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I’d like to thank everyone for their comments. An unregistered user just left a comment on a post on local wound exploration that I published 6 months ago. It poses a good question and I don’t want it to get lost in the archives. Click here to see the old post. I’m going to do a post next Wednesday entitled “The Art of Local Wound Exploration” that should answer everybody’s questions about this.

And so far, no one has figured out the weird pelvic xray below.

Michael

What The Heck Is It? #1

Here’s a perfect item for April Fool’s Day, although it is for real. The xray below was a pelvic image obtained during a trauma team activation. I’m not going to give you any more information than that. 

You’ve got until Monday to figure out what’s doesn’t belong and give me an answer in the comments. I’ll post the full story and answer then.

What The Heck #1

Reporting Unsafe Drivers: Part 2

So what should you do if you encounter a patient that really shouldn’t be driving? First, encourage them and/or their family to self-report. If that fails, familiarize yourself with the laws of your state (or province). 

In the US, 11 states have mandatory reporting laws for certain conditions that would impair driving. Forty have some type of reporting system for phsyicians and other health professionals. Many allow anyone to report. However, a few stipulate that they may release your name to the driver or that you must have their permission to report. This is essentially the same as not allowing you to report.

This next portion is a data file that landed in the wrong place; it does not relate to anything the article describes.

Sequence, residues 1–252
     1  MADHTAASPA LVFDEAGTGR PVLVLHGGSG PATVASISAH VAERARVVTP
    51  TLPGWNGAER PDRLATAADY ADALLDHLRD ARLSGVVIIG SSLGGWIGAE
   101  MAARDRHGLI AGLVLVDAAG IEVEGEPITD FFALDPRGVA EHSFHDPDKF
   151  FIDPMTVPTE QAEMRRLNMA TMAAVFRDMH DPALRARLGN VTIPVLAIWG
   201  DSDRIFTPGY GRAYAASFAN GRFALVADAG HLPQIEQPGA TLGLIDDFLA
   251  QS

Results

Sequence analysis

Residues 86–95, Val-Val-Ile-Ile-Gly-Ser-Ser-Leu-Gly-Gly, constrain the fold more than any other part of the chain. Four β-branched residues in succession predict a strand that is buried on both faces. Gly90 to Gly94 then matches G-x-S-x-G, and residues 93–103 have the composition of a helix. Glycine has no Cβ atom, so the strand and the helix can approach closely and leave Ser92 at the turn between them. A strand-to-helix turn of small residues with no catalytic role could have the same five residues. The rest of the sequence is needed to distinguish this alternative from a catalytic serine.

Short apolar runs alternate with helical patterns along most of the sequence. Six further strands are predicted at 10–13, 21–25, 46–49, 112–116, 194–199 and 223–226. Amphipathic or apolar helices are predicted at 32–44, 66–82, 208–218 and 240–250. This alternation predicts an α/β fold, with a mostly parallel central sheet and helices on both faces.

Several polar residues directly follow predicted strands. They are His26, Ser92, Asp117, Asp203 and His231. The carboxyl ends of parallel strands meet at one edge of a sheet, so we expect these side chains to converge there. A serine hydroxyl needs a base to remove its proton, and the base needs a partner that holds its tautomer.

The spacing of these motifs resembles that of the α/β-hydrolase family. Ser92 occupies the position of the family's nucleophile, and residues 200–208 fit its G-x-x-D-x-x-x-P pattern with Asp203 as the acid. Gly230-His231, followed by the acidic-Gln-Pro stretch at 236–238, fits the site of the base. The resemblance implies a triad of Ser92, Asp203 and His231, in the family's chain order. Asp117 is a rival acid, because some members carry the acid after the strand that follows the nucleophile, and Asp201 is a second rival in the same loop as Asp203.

Unfortunately, only 29 states hold you harmless from civil or criminal suit if you choose to report. I suspect it would be a tough sell convincing a jury that a patient’s inconvenience is more important than protecting them from an unsafe driver, though. I doubt such a suit would go anywhere.

So brush up on the laws and procedures in your state and decide what is in your patient’s (and the public’s) best interest. Then do the right thing.

A sample of my compiled report of US state reporting laws is shown below. Click it or this link to download it.

To read Part 1 of this article, click here.

Sample state driver license laws

References: 

  1. Physician’s Guide to Assessing and Counseling Older Drivers 2e. NHTSA / AMA, 2010.

Reporting Unsafe Drivers: Part 1

We’ve all taken care of patients that either have a baseline condition or have sustained an injury that renders them unfit to drive. What issues need to be considered with regard to keeping them off the road?

There are a number of ethical and legal considerations. As a physician or other healthcare provider, you have three priorities. In order, they are:

  • Duty to protect your patient
  • Duty to protect the public
  • Duty to maintain patient confidentiality

Note that the duty to protect the public supersedes the need to maintain confidentiality. However, if the patient knows that their confidentiality may be violated, they may be less likely to seek treatment, disclose key information, or trust you.

The ideal method of dealing with a driver whom you believe is unsafe is to have a frank discussion with them (and their family, if permitted) regarding why you think they should stop driving and the consequences of failing to do so. They should be encouraged to stop driving voluntarily, or self-report to the license bureau so they can be re-evaluated. It is also very important to encourage the family to support the decision and provide alternative transportation to meet your patient’s needs. Social services should be involved so that transportation alternatives and resources can be provided.

If your patient refuses to surrender their license or self-report for retesting, then you need to consider reporting them to the license bureau yourself. Before doing this you should exhaust all possibility that the patient will stop driving voluntarily. You must also be knowledgeable of your state laws so you know what kind of protections (if any) are given to you after reporting.

Tomorrow, I’ll give a state by state description of the applicable reporting laws and a sample letter to send to the license bureau. Click here to view.